Justice for ARTPOP! Lady Gaga’s fourth studio album debuted at No. 1 on the Billboard charts and was one of the highest selling albums globally in 2013. But it’s considered to be her first “flop.” Eight years later, her fans have ARTPOP trending again, and the singer addressed their petition for an ARTPOP Act II. Given how well it aged compared to the harsh criticism it received in 2013, was ARTPOP a flop? Or was it ahead of its time?
Lady Gaga’s ‘ARTPOP’ and her afterwards
The quality of ARTPOP has been a topic of debate for years. Despite being considered unimpressive by critics upon its release, the album has aged well among fans, many of whom believe it’s one of her best bodies of work.
ARTPOP‘s perceived failure was a heavy blow to Gaga, and her career moves following the album’s release make that clear. The star b-lined away from the musical stylings of The Fame, The Fame Monster, Born This Way, and ARTPOP and in a way retreated from her previous image.
She veered into jazz music with her and Tony Bennett’s Cheek to Cheek album in 2014. In 2015, she performed a Sound of Music medley at the Oscars that reminded audiences of her prodigious singing abilities. (Somehow they forgot.) Later in 2015, she starred in American Horror Story: Hotel after having a small role in Roanoke. She won a Golden Globe for her performance.
Basically, the judgment surrounding ARTPOP made people think it was necessary for Gaga to stage a “comeback.” As if. The “Telephone” singer returned to her solo music in 2016 with Joanne—a singer/songwriter style album inspired by the death of her aunt. And then, her “comeback” reached new heights when she starred in A Star Is Born and curated the album.
Gaga won her first Oscar for “Shallow,” which also won just about every major award a song can win during awards season. And then came 2020’s Chromatica, her musical return to form that delighted fans and won Gaga her 12th Grammy.
Why did ‘ARTPOP’ flop?
Looking back on ARTPOP now, it doesn’t really make sense why it was considered a failure. The consensus among fans now is that the songs were ahead of their time, with the exception of “Do What U Want.” (It originally featured R. Kelly, but Gaga took the song off streaming platforms and replaced it with a solo version in response to the abuse allegations against him.)
Looking back at reviews of the album in 2013, the reason why it was so harshly critiqued becomes more clear. Fair warning, Little Monsters. This review may really grind your gears. Pitchfork argued ARTPOP was a flop because it didn’t sell as much as Born This Way. The argument was that Gaga’s success from her first three albums established her as a Madonna-like fixture of pop culture, so her albums’ successes could only be measured against each other.
While that is praise for Gaga, it’s a pretty bogus reason to call ARTPOP a failure. And here’s why: in its first week, ARTPOP sold 256,000 copies. Miley Cyrus’ Bangerz and Katy Perry’s Prism came out just weeks before Gaga’s, and all three of the albums debuted at No. 1 on the Billboard charts.
Bangerz sold 270,000 in its debut week, and Prism sold 286,000. And yet, those albums were better received that ARTPOP, which sold around the same and came out around the same time. But because it didn’t sell 1.1 million copies like Born This Way historically did, it was considered a failure.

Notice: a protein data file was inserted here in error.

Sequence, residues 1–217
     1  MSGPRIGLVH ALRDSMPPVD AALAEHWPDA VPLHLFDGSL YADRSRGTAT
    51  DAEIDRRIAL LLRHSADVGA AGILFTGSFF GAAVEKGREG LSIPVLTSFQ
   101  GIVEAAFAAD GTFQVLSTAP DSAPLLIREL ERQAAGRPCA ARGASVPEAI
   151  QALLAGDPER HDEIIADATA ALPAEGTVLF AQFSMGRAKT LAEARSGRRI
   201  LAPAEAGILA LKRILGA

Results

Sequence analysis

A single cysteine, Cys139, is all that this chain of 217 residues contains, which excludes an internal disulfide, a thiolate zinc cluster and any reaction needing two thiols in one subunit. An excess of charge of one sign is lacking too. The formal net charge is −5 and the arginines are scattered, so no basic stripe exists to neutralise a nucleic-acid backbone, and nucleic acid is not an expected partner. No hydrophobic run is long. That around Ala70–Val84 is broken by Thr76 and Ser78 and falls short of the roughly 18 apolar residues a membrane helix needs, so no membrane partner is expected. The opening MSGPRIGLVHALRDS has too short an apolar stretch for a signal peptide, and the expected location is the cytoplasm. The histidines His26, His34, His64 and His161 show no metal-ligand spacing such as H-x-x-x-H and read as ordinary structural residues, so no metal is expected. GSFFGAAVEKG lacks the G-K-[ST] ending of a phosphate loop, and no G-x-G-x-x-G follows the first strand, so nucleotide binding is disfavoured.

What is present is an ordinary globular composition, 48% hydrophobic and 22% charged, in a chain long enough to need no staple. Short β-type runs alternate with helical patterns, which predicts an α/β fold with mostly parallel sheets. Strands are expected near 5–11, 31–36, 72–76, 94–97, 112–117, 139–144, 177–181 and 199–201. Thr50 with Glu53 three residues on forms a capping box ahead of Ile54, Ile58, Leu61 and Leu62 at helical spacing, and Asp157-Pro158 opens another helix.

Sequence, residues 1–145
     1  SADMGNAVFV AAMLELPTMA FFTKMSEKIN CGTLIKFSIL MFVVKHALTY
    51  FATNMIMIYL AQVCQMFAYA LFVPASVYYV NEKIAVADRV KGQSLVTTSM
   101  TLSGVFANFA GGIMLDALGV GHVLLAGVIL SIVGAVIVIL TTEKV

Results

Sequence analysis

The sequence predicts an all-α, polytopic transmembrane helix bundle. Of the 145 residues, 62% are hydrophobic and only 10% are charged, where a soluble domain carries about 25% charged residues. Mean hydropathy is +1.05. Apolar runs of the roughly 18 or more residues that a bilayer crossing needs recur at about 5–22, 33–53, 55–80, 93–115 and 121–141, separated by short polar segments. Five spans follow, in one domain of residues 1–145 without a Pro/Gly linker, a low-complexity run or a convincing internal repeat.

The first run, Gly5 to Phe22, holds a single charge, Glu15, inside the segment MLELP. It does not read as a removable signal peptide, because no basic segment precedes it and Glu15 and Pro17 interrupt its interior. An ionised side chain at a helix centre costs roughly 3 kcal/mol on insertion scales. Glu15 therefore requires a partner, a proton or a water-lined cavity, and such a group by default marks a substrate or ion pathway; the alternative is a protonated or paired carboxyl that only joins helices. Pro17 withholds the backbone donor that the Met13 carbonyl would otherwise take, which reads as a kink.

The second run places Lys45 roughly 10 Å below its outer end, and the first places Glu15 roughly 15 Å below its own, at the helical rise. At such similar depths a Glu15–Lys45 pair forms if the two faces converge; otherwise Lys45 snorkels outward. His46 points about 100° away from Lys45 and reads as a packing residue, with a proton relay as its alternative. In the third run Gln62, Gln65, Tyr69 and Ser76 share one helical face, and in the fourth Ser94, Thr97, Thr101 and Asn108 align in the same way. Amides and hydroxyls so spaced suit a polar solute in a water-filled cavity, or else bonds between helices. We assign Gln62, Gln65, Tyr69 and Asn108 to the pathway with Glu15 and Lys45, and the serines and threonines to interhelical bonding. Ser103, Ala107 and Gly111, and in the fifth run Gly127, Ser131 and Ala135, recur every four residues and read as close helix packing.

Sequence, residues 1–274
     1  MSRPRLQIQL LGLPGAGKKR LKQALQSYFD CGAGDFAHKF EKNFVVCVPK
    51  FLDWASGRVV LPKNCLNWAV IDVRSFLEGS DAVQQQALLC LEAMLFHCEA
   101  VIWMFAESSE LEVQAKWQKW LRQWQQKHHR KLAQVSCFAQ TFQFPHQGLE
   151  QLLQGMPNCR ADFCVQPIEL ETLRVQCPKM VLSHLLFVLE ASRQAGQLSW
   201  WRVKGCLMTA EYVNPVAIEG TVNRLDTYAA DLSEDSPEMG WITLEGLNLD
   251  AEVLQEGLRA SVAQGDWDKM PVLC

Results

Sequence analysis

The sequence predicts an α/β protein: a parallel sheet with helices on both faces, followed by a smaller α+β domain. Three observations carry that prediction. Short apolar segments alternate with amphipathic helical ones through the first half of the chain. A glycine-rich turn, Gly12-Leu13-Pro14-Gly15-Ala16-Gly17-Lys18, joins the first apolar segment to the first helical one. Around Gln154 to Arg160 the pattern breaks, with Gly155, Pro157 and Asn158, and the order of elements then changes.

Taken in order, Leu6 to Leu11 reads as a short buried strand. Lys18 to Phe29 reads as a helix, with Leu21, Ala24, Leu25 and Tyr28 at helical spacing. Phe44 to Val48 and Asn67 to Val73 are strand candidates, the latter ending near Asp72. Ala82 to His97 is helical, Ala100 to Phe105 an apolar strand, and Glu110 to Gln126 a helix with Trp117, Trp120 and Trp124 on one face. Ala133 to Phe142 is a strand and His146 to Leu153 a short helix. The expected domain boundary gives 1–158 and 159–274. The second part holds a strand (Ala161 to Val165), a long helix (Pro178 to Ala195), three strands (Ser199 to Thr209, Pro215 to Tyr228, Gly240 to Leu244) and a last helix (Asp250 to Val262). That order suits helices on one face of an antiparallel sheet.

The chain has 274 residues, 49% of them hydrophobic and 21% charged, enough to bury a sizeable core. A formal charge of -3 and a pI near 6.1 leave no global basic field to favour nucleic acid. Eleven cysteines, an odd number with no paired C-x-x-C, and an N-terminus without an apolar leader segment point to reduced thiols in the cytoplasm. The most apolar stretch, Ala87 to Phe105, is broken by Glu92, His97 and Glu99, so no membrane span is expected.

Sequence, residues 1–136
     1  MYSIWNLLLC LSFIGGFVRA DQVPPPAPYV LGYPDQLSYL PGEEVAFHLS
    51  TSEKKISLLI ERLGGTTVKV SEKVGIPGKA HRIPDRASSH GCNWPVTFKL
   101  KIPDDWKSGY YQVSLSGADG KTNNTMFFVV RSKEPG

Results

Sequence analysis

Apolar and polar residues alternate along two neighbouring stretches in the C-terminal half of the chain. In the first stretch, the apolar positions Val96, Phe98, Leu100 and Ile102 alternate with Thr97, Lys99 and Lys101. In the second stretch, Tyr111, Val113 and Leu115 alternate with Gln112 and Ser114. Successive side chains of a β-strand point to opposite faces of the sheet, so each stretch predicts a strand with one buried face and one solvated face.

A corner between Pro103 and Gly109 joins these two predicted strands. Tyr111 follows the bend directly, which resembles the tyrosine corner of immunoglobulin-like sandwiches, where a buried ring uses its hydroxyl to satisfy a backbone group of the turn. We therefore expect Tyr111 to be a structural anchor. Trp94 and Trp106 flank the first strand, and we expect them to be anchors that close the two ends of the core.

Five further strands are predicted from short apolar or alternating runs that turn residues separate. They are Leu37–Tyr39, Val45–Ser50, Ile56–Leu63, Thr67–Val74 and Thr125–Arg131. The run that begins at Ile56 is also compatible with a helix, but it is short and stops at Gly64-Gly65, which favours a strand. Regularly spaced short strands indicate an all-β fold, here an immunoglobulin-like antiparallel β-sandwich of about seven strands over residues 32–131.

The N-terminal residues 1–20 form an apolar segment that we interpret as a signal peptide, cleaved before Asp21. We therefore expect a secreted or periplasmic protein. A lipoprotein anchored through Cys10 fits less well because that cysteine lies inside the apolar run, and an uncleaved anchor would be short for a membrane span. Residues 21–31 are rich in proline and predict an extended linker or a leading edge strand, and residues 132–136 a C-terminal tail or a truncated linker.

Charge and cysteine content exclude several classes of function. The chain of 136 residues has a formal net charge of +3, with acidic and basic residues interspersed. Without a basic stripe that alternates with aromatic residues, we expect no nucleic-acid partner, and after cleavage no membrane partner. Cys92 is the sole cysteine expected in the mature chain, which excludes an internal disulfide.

Yes, Born This Way was a massive success. But Gaga didn’t fall from grace because ARTPOP didn’t meet Born This Way’s impossible precedent. (Amazon also had a two-day sale during Born This Way’s opening weekend that dropped the album’s price to 99 cents, which resulted in a reported 440,000 copies sold.)
Why does ‘ARTPOP’ get so much hate?
How anyone could see her career as in need of a comeback at any point is, quite frankly, baffling. But in our current age of technology, criticism spreads like wildfire. And the second ARTPOP didn’t perform as well as Born This Way, it was labeled a flop.
And there’s more to this issue than just comparing Gaga’s albums. There is a sexist (and racist, and homophobic, basically all of the isms) assumption that women in music who reach great heights will eventually fall.
Artists like Beyoncé, Ariana Grande, Cardi B, Taylor Swift, and Lil Nas X (yes, this is a queer issue as well) continue to churn out success after success. And with every accolade, the assumption that they will eventually “flop” grows. Because how could women, Black artists, and queer artists continue to make great music? Meanwhile, peoples’ belief that Ed Sheeran will continue to produce good music never falters.
People love to see “divas” crash and burn. And the wild success of The Fame, The Fame Monster, and Born This Way put a huge target on Gaga’s back. She was the biggest pop star in the world at the time, and once critics said ARTPOP wasn’t good, the internet ran wild about the “inevitable” fall of Lady Gaga.
Now, her fans have made a petition for Gaga to release ARTPOP Act II, which would feature the collection of songs not published that her producer, DJ White Shadow, claims exists. The fandom also has the album trending in iTunes again, prompting a gracious tweet from the singer on April 13.
“I fell apart after I released this album,” the tweet read. “Thank you for celebrating something that once felt like destruction. We always believed it was ahead of its time. Years later turns out, sometimes, artists know. And so do little monsters. Paws up.”
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